She may be the world's first 8-year-old divorcee.
When Nojoud Mohammed Ali's parents arranged her marriage to a 30-year-old man, it was consistent with the mores of Yemen, her home country on the tip of the Arabian peninsula. For girls like Nojoud, such arrangements mean falling prey to physical and sexual abuse.
"He used to do bad things to me, and I had no idea as to what a marriage is. I would run from one room to another in order to escape, but in the end he would catch me and beat me and then continued to do what he wanted," Nojoud told the Yemen Times.
"I cried so much, but no one listened to me."
But the child escaped. She fled from her new husband's home and found her way to a nearby courthouse. There she found a lawyer, Shatha Ali Nasser.
"I met her by chance in the court, and I took her case. She went alone to the court. … The police and employees told me about her," Nasser told ABC News.
Nasser found an anonymous donor who paid Nojoud's 50,000 rial dowry (about $250) -- effectively, the cost of her divorce -- and two months into her unwitting wedlock she was free.
Nojoud is the first child bride to go to the court to seek a divorce. But she is one of many girls in Yemen forced to marry young.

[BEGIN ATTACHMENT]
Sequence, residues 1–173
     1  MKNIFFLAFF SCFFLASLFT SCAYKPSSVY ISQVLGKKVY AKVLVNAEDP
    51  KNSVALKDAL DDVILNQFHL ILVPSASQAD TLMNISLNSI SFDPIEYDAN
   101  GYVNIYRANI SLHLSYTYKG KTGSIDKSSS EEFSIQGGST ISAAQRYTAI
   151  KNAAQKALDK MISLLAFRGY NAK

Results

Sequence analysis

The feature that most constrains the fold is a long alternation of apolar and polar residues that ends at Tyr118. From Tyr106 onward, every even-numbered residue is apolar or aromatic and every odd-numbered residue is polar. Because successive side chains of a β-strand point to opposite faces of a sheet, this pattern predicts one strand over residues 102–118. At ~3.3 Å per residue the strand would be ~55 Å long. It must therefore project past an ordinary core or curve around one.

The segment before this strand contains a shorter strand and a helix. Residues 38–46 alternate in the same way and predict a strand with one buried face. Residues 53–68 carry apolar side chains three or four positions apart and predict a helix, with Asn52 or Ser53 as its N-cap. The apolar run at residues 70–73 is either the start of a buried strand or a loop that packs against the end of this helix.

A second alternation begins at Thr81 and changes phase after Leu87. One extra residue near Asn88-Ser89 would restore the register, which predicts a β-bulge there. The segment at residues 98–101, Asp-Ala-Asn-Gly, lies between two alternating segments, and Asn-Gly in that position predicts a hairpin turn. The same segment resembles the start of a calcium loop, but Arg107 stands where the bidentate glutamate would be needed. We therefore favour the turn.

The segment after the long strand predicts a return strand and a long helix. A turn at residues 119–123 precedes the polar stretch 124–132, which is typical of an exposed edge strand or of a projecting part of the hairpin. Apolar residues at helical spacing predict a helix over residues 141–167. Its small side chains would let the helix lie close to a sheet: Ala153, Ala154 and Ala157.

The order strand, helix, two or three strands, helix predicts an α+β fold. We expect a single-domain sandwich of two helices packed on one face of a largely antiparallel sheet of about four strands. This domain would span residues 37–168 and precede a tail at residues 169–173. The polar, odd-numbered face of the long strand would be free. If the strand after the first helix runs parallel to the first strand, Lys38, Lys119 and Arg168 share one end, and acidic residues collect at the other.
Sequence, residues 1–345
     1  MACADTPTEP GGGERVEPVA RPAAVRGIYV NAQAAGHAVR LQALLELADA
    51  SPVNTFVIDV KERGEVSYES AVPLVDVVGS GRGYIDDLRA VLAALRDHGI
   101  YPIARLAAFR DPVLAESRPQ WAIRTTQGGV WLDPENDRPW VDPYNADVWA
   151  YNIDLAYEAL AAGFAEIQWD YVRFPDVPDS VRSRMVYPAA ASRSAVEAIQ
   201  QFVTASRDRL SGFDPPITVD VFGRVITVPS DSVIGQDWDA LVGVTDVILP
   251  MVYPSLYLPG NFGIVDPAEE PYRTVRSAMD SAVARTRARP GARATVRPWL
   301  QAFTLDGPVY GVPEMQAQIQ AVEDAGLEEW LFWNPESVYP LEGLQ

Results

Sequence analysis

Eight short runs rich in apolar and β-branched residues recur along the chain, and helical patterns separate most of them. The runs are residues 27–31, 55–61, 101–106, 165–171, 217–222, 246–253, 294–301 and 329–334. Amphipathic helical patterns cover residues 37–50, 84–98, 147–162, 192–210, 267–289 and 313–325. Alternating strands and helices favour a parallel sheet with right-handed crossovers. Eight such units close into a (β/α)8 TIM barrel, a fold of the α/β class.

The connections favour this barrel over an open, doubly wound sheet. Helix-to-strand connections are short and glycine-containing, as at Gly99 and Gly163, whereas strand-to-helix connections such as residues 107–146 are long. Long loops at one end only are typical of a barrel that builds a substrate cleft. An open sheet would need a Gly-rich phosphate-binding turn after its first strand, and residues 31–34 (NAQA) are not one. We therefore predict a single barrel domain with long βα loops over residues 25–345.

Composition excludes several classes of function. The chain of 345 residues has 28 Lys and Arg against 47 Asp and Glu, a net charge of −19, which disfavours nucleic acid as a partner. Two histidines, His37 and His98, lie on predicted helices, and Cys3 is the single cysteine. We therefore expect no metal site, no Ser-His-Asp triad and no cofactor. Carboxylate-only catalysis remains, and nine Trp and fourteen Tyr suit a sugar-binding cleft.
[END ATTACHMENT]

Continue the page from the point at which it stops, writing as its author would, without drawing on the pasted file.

Some Wives Younger Than 15
More than 48 percent of girls in Yemen wed before the age of 18, according to statistics released in 2007 by the International Center for Research on Women.
Although the legal minimum is 15 years, parents can circumvent it if they consent to the match. That was the case for Nojoud.
"My father beat me and told me that I must marry this man, and if I did not, I would be raped and no law and no sheik in this country would help me. I refused, but I couldn't stop the marriage," she told the local press.
Now divorced, Nojoud lives with an uncle and will return to school.
But her lawyer, Shatha Nasser, plans to press on with her efforts to stop child marriage, helping girls like Nojoud lead a normal childhood. She is taking on new cases, plans to start a foundation for girls and is lobbying for legal change.
"I've met some women who are very important in parliament. They want to set a 16-year-old minimum," she told ABC News this week.
"But there are some people who are very traditional, very cross. They do not believe in rights for women."